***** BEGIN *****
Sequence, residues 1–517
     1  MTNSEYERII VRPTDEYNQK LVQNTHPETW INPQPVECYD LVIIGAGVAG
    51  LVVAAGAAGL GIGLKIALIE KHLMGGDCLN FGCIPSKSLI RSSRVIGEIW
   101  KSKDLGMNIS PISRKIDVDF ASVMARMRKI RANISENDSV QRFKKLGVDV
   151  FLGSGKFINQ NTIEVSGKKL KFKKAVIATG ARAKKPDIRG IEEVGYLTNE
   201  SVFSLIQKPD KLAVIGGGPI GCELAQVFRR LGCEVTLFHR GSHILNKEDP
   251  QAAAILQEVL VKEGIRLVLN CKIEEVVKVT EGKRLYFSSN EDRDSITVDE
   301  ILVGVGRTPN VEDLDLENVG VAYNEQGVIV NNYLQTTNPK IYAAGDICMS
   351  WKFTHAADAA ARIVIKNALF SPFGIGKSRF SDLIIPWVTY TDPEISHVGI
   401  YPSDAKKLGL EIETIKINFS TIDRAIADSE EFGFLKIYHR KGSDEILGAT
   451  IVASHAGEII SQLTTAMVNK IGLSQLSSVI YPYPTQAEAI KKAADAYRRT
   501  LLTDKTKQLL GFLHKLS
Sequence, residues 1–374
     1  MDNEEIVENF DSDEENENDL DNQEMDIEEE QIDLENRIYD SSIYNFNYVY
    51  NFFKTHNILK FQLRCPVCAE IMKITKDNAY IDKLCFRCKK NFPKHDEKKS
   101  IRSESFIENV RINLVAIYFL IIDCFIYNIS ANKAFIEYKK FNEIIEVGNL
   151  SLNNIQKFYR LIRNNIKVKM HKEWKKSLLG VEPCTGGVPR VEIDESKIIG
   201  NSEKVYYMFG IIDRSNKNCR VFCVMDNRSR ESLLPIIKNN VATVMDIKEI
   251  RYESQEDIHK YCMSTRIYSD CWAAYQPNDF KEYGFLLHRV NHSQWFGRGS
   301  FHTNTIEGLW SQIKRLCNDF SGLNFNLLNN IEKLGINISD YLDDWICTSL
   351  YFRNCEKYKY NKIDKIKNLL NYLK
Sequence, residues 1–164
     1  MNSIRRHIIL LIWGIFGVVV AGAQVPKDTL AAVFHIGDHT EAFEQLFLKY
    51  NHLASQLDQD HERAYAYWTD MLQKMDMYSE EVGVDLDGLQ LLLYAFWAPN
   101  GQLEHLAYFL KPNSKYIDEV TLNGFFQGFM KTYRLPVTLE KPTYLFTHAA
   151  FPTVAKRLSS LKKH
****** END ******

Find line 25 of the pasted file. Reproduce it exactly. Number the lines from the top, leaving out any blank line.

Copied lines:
   101  GQLEHLAYFL KPNSKYIDEV TLNGFFQGFM KTYRLPVTLE KPTYLFTHAA